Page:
Many scholars have considered John Donne’s Biathanatos to be an ironic or otherwise unserious work. According to one nuanced version of this view, which has been advanced by critics such as A. E. Malloch and Rosalie Colie, the work falls within the genre of the Renaissance paradox. If so, then Donne’s “defence of suicide” is a fundamentally duplicitous and dialectical text. Nevertheless, the categorization of the work as a paradox fails to take into account certain important features of the work. One of these features is related to the scope of Donne’s argument, insofar as Biathanatos is not a blanket defence of suicide, but rather a vindication of what we might call “self-sacrifice”—a category which encompasses some instances of martyrdom. Once we take the gravity of Donne’s subject matter into account, alongside the lucidity with which he pursues his arguments, the claim that Biathanatos is a Renaissance paradox begins to look more and more untenable.
We might therefore feel compelled to embrace the opposite position. The first known reader to view Biathanatos as a serious work was the author’s son—John Donne the younger—who was also the one to see his father’s manuscript into print. In his dedicatory epistle to Philip Herbert, which appears in the printed editions of the work, Donne the younger writes that “although this book appear under the notion of a paradox, yet I desire your Lordship to look upon this doctrine as a firm and established truth” (Donne, Biathanatos 1982 5-6). More recently, Michael Rudick and Margaret Pabst Battin have argued that “Biathanatos is a straightforward work, straightforwardly intended” (xlii). This treatment of the text, which allows us to approach Biathanatos as a work of moral philosophy, is the most perspicuous to date. Yet there remain several gaps, such as Donne’s explicit use of the word “paradox” in the description of Biathanatos, as well as his occasional forays into satire and dark humour. Rudick and Battin also overlook a major point in favour of the “straightforward” thesis, which is that Donne’s vindication of self-sacrificial martyrdom has the corollary function of absolving some of his own martyred ancestors.
It is my wish to defend the “straightforward” thesis. In what follows, I will first outline the basic thrust of Colie and Malloch’s view, which I will supplement with the relevant counterarguments. Next, I will explain how martyrdom is treated in Biathanatos and why it held personal significance for Donne. This will provide an independent reason for thinking that the work was “straightforwardly intended.” Finally, I will discuss several gaps in Rudick and Battin’s account. My solution will be to argue that Donne was fearful lest his work be misperceived as heterodoxical. As a result, he attempted to mitigate its threatening aspects in a number of ways, one of which was to shield it under the label of the paradox.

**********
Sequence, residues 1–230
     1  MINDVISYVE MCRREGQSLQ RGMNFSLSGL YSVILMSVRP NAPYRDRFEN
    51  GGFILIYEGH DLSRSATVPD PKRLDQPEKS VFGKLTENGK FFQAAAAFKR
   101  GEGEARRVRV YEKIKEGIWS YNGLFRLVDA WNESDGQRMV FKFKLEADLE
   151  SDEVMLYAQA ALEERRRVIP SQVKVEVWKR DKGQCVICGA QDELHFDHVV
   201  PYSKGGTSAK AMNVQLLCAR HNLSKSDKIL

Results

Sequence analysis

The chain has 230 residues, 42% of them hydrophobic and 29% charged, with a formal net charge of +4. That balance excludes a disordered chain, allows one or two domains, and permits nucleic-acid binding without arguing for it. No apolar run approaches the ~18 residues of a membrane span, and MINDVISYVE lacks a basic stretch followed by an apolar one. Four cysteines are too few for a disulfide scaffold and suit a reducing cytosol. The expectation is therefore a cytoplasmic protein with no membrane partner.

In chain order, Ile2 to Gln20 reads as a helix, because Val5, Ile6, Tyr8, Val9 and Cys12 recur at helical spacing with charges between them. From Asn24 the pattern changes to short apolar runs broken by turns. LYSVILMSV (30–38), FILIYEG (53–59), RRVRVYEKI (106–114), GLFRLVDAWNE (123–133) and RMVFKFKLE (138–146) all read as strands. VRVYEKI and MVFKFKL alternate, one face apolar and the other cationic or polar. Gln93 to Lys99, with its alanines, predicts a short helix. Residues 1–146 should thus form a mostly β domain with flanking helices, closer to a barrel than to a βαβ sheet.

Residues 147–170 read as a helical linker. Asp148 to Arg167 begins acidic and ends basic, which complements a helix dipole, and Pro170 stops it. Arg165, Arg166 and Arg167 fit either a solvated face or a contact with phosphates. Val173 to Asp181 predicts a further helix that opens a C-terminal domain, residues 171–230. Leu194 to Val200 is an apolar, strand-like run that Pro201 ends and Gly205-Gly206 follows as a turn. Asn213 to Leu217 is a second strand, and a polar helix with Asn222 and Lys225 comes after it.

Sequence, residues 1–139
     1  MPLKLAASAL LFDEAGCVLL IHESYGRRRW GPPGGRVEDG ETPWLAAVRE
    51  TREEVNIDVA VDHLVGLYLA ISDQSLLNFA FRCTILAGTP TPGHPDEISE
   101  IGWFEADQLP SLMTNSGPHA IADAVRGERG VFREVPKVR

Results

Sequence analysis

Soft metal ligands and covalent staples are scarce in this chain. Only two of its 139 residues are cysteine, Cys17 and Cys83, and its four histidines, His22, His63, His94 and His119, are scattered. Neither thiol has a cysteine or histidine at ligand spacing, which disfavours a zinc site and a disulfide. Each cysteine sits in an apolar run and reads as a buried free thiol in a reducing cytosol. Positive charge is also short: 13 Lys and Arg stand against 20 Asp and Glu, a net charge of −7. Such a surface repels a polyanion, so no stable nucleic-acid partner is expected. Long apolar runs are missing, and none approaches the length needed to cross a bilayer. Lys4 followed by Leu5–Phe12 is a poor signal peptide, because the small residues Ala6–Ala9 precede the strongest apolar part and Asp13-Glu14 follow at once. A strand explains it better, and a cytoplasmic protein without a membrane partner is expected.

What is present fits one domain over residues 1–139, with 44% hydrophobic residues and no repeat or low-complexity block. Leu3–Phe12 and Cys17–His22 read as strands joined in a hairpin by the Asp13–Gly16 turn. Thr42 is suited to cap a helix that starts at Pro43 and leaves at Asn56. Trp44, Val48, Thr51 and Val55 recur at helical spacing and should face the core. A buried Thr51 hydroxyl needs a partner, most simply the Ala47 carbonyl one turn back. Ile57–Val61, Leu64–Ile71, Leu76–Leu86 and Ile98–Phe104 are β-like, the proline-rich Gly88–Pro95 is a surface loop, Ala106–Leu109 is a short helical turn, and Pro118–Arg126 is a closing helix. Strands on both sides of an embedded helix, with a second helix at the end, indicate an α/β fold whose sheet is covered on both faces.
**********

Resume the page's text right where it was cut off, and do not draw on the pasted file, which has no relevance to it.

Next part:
Continue on to Part 2.
 Biathanatos was entered in the Stationers’ Register on September 25, 1646 (Sullivan 63). By that time, the poet had already been dead for fifteen years, leaving behind both a transcribed manuscript of his “defence of suicide” and the express instructions that it be neither printed nor burned (Rudick and Battin xv). The decision to publish—and hence to deny the author’s posthumous wishes—came from Donne the younger, who nevertheless claimed that the only way to save the work from the fire was to commit it to the press (Donne, Biathanatos 1982 5). By most accounts, the work was completed sometime in 1608 (Sullivan 52), which sets its chronology slightly before that of Pseudo-Martyr. A first edition came out in 1647, with a second edition following—published anonymously—in 1700 (Sullivan 52). Neither edition created a major stir amongst the reading public, although there were several attempts at refutation (Rudick and Battin xix).
- Donne, John. Biathanatos. New York: Garland Publishing, 1982. Print.
- Rudick, Michael and Margaret Pabst Battin. “Introduction.” Biathanatos. New York: Garland Publishing, 1982. Print.
- Sullivan, Ernest. “The Genesis and Transmission of Donne’s Biathanatos.” The Library, 31.1 (1976): 52-72. Web.